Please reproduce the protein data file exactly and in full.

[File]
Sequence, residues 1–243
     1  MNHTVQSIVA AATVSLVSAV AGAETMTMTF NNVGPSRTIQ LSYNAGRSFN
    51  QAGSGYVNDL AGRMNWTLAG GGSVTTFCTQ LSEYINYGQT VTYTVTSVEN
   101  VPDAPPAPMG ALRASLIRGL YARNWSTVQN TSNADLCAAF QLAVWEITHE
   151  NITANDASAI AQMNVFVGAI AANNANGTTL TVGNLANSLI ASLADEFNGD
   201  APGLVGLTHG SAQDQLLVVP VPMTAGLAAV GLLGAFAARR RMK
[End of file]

Sequence, residues 1–243
     1  MNHTVQSIVA AATVSLVSAV AGAETMTMTF NNVGPSRTIQ LSYNAGRSFN
    51  QAGSGYVNDL AGRMNWTLAG GGSVTTFCTQ LSEYINYGQT VTYTVTSVEN
   101  VPDAPPAPMG ALRASLIRGL YARNWSTVQN TSNADLCAAF QLAVWEITHE
   151  NITANDASAI AQMNVFVGAI AANNANGTTL TVGNLANSLI ASLADEFNGD
   201  APGLVGLTHG SAQDQLLVVP VPMTAGLAAV GLLGAFAARR RMK